The term “fraud” is used to refer to a wide variety of criminal offenses, many of which can result in serious consequences under either Wisconsin state law or federal law, depending on the circumstances. If you are facing allegations of any form of criminal fraud, you need an experienced criminal defense attorney who can provide strong representation and guidance to help you understand your options.
Fraud Crimes in Wisconsin
In Wisconsin, many forms of fraud are classified as crimes against property, specifically under the category of misappropriation, meaning the unlawful use of another person’s property, assets, or identity. Some examples of fraudulent offenses include:
- Forgery, which involves misrepresenting a signature, writing, or item that one creates as having been created by someone else.
- Fraudulent writings, which includes creating a document with falsified information, falsely altering data, or making a false claim for insurance or employee benefits.
- Fraud against a financial institution, including falsely obtaining funds or making false statements to influence the terms of a loan.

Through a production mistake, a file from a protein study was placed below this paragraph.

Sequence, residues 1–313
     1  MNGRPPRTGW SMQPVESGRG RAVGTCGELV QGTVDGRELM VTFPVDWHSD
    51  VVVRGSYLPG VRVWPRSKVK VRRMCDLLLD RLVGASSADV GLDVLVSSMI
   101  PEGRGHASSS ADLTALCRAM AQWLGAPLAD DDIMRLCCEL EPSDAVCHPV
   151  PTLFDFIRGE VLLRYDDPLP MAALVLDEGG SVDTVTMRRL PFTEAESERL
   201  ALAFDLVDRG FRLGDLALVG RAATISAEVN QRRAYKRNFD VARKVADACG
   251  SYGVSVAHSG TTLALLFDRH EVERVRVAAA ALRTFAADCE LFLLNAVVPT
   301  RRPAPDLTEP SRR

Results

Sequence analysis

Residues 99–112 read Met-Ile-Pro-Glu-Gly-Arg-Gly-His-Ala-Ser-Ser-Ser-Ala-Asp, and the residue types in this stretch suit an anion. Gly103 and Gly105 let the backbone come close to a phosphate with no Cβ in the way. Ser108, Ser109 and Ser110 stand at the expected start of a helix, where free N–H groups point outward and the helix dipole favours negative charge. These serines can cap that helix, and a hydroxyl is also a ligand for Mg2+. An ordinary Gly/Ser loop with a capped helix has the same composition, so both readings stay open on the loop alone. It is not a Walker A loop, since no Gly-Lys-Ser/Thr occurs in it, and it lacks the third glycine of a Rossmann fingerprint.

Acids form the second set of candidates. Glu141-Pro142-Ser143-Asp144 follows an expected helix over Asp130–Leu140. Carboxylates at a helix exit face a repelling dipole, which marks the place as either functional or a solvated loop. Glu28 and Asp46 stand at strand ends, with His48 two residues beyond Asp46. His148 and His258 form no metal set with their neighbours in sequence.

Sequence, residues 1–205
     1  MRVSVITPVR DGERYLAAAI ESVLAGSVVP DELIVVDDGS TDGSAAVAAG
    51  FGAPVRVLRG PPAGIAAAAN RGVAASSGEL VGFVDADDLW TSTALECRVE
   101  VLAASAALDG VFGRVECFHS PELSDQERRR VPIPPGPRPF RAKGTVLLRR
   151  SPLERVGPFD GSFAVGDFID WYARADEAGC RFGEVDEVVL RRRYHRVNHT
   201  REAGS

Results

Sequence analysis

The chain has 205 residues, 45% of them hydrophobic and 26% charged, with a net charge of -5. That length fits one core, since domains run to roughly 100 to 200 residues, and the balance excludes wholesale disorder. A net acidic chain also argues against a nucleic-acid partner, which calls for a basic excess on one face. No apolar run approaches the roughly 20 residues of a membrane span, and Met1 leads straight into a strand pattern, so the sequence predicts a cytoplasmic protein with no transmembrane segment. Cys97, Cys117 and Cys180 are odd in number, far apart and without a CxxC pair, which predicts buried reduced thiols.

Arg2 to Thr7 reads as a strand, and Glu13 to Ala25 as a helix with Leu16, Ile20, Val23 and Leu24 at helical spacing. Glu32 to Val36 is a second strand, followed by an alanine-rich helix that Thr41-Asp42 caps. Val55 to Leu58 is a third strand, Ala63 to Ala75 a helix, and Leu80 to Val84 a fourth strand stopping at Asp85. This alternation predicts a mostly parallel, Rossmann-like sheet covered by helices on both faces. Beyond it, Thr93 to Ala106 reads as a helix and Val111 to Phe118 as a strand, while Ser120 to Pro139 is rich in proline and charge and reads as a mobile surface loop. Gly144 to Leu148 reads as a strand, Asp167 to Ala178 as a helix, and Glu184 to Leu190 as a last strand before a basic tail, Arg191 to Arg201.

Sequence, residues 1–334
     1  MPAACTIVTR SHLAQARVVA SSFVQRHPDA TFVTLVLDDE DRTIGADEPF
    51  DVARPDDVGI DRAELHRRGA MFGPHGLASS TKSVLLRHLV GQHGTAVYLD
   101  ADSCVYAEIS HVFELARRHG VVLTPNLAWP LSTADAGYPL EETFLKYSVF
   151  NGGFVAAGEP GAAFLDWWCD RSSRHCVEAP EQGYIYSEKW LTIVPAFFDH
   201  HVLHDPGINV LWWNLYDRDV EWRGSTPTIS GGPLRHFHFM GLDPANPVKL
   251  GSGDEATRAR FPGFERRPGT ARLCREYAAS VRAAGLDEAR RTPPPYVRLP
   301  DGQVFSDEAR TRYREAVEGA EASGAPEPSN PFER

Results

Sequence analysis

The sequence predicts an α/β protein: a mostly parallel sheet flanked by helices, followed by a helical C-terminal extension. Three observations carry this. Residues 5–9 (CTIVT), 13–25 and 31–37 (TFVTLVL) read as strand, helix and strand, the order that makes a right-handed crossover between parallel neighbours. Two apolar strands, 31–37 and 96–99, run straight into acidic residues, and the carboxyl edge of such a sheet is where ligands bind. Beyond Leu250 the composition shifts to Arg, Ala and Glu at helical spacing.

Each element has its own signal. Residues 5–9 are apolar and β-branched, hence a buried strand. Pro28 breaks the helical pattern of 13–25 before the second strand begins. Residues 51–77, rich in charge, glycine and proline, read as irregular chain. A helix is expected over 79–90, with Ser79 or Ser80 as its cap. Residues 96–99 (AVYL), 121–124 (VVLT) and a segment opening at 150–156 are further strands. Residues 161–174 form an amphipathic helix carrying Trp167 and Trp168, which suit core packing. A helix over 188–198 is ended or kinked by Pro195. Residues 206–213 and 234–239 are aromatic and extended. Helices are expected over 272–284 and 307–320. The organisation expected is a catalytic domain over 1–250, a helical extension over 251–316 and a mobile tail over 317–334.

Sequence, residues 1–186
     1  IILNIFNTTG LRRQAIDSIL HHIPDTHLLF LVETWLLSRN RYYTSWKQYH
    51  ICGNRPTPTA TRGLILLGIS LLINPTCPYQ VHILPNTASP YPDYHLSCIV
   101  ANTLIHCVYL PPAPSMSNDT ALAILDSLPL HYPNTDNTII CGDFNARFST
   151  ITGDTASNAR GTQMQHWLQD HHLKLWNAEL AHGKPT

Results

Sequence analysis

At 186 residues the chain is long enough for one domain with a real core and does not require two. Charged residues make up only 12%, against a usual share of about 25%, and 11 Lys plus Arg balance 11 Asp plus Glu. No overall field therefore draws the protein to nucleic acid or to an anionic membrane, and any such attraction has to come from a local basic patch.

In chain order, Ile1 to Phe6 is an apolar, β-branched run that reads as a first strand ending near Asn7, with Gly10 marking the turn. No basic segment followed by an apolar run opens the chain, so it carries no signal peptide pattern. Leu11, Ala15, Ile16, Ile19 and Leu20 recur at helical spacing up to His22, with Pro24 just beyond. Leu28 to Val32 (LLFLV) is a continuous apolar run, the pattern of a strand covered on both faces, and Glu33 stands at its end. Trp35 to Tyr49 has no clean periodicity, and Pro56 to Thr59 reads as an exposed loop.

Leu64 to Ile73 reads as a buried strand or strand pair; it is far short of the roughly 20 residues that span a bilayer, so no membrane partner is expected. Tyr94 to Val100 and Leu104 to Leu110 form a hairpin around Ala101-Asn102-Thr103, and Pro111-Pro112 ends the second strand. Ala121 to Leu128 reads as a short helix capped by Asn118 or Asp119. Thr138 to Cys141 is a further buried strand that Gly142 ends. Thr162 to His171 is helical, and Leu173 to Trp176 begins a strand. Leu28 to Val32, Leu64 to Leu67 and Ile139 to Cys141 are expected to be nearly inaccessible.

- Mail fraud, which includes any financial fraud using the U.S. postal service or a commercial mail carrier.
- Money laundering, which involves receiving, managing, disguising, or engaging in other transactions involving unlawfully obtained funds.
- Wire fraud, which involves any financial fraud using electronic means of communication.
Most forms of fraud are considered felony offenses, with some forms of fraud being charged as a Class H felony or higher.
Federal Fraud Offenses
According to the U.S. Code of Crimes and Criminal Procedure, several forms of fraud can also be considered a federal offense if they affect people in multiple states, including bank fraud, mail fraud, and wire fraud. Other federal fraud crimes include health care fraud, such as false attempts to obtain Medicare or Medicaid benefits; fraud involving securities and commodities; and fraud involving the contracting of foreign labor. Conviction on a federal fraud charge can result in fines of up to $1,000,000 and a sentence of up to 30 years in prison, depending on the circumstances.
Defense Against Fraud Charges
If you have been charged with fraud under state or federal law, or if you believe that you are under investigation, it is important to hire an attorney who can advise you on the best course of action. Your lawyer can represent you during questioning, help you gather documents and other evidence to defend your innocence, and devise the best possible defense strategy for your trial.